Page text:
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Poker News | Casino Poker | Tournament Reports

Man V. Machine – World Champion Poker Bot takes on the Unabomber

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Phil Laak has played in the biggest cash games and tournaments in the world, but he's never met an opponent that's harder to read than Polaris. Polaris isn't a new poker pro, or an internet whiz kid, Polaris is a computer program developed to play poker at the University of Alberta by their Computer Poker Research group. And Phil Laak and Ali Eslami came back from a rough first day to beat the computer 2-1-1 in a $50,000 heads-up limit poker match this weekend in Vancouver.

The $50,000 match took place as part of the annual conference for the Association for the Advancement of Artificial Intelligence. The competition consisted of four 500-hand duplicate matches, and the format was a limit cash game, with the blinds remaining the same throughout the match. Duplicate matches are chosen to make the experiment more scientific in nature, and to minimize the luck factor in poker. In each duplicate match, the same series of cards will be dealt in the same order in each of two heads-up Man versus Machine matches. Teammates will play opposite hands in each game to maximize the skill demonstrated by the players, so the hand dealt to Phil Laak in one room was dealt to the computer playing against Ali Eslami in the other room.

When the 500-hand match was over, the total number of chips won or lost was added together to determine which team won the match. A tie was declared if there was only a small margin of victory for either side (+/- 25 BB). Four separate duplicate matches were played over two days, allowing the players to learn and adapt to their opponents. No communication was allowed between teammates during the matches. Laak and Eslami won $5,000 for every match they win by more than 25 BB, and $2,500 for every tie (less than 25BB victory or loss).

After the first day, the human team wasn't feeling so great about their chances, netting one tie and one big loss to the computer program. After Day 1, Eslami remarked "Polaris was beating me like a drum."

But on day two, when the computer team made some adjustments to the program to better simulate a learning AI program, Laak and Eslami were able to win handily. Rather than having one consistent computerized player or "bot," the computer program shuffled bots in and out of play to change up styles against their opponents on Day 2. Laak and Eslami were better able to compete against the computer after studying the hand logs from the previous day's play, and defeated Polaris in two straight matches to win the contest.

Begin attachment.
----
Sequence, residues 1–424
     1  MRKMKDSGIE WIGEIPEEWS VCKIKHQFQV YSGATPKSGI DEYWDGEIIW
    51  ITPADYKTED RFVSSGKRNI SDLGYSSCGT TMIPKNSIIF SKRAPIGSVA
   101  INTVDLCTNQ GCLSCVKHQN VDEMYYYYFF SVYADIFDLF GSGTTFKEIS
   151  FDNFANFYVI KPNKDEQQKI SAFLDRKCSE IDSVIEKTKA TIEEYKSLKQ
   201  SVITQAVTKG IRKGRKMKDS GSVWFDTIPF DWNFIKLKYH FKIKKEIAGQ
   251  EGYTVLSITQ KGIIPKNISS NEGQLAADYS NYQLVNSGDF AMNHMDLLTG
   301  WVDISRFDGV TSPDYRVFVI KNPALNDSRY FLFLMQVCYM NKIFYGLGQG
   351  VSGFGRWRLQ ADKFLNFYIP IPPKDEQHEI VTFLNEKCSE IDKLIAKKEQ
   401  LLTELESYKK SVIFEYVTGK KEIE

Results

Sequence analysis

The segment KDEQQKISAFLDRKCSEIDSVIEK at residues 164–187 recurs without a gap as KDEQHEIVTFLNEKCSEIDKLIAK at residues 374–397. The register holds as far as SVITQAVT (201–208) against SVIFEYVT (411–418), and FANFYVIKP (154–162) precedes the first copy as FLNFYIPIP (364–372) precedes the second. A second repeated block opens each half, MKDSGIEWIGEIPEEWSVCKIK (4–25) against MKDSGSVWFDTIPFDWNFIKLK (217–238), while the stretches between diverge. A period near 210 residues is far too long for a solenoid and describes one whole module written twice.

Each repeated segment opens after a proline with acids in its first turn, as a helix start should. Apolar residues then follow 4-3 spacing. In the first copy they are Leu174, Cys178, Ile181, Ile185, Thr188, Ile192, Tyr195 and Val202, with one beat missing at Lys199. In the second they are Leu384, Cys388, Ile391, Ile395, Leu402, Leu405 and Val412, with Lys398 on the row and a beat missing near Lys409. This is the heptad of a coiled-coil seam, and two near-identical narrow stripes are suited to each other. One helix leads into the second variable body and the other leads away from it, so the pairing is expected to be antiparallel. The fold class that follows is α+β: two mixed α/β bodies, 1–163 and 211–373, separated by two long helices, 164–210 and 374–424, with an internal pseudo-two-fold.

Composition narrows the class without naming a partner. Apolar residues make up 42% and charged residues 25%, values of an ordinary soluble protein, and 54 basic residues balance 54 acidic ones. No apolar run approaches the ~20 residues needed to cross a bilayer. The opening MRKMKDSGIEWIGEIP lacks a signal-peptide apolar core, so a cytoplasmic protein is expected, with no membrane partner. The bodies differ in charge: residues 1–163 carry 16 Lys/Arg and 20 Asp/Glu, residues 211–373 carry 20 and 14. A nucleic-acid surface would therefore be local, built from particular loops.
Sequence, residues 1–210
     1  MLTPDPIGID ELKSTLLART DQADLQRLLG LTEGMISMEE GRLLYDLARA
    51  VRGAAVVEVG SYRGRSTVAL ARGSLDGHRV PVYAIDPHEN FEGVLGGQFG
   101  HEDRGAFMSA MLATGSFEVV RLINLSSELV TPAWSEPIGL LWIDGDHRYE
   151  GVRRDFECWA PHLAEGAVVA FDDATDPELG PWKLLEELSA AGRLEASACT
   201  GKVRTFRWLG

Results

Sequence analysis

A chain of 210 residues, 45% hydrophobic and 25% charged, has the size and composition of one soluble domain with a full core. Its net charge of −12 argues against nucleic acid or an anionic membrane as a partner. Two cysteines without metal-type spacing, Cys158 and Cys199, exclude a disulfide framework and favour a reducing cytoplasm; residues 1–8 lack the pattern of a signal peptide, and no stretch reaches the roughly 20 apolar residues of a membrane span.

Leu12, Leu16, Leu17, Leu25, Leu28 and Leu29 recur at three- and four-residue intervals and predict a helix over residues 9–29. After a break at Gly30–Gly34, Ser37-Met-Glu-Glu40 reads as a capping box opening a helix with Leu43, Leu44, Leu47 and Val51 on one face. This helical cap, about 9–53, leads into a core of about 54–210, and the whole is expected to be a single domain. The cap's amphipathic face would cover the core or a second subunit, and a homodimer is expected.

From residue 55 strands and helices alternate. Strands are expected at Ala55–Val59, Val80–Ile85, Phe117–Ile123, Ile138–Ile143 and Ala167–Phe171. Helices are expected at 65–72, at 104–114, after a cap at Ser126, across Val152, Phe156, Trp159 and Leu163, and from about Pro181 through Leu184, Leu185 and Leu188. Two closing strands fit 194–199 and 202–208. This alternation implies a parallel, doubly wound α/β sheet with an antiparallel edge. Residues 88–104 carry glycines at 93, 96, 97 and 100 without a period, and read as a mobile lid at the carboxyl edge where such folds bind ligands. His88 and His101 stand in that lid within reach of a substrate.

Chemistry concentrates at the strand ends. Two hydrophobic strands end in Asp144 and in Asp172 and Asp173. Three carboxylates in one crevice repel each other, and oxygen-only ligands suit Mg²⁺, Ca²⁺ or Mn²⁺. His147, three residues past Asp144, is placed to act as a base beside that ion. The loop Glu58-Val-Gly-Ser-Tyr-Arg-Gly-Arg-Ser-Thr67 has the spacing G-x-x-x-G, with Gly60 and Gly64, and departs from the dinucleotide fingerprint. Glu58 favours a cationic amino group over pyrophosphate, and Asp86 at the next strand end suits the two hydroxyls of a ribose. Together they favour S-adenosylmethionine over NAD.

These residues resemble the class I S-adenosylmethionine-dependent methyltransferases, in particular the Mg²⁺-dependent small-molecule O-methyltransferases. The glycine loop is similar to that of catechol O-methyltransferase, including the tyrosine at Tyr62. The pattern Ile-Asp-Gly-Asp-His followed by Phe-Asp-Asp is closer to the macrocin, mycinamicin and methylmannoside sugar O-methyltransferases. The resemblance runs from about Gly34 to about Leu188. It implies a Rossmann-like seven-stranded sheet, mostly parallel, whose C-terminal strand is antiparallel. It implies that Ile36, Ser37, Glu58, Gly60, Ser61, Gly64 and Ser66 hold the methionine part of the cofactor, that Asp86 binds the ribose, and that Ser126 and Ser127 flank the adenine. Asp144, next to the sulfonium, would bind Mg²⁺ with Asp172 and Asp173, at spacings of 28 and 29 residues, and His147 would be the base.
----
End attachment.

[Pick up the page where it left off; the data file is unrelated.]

The match was part of the AAAI conference, which last year crowned the University of Alberta Computer Poker Research Group the winner of the World Series of Poker Bots, and set the stage for the CPRG to face Laak and Eslami this year. This year's competition expanded, to allow for no-limit bots as well as limit bots. The 2007 competition had 28 teams participating and will feature two limit heads-up contests, as well as one no-limit heads-up contest. Programmers submitted their best poker bot to compete in a round-robin format against other poker bots to determine the world champion bot.

Each match in the limit contest consisted of 3,000 hands of $10/$20 Limit Hold ‘Em. In one contest, the bot with the most chips at the end of 3,000 hands was the winner, and earns points. In the other limit contest, the bot with the largest bankroll at the end of the contests wins, to determine which bot has the greatest capacity for learning while playing (and the most ability to exploit other bots' weaknesses for more money).

The No-Limit matches are actually a spread limit format, where the maximum bet is 500x BB. Each contest was to last 1,000 hands and a winner was determined by which bot has the greatest bankroll at the end of the round-robin contest.

As programmers get better and better, and bots get sharper and sharper, the question of having bots playing against humans online becomes unavoidable, Laak and Eslami had their work cut out for them playing against the best of the bots, but what problems lurk around the corner for small-time players facing the fruits of unscrupulous programming labor across the virtual felt?

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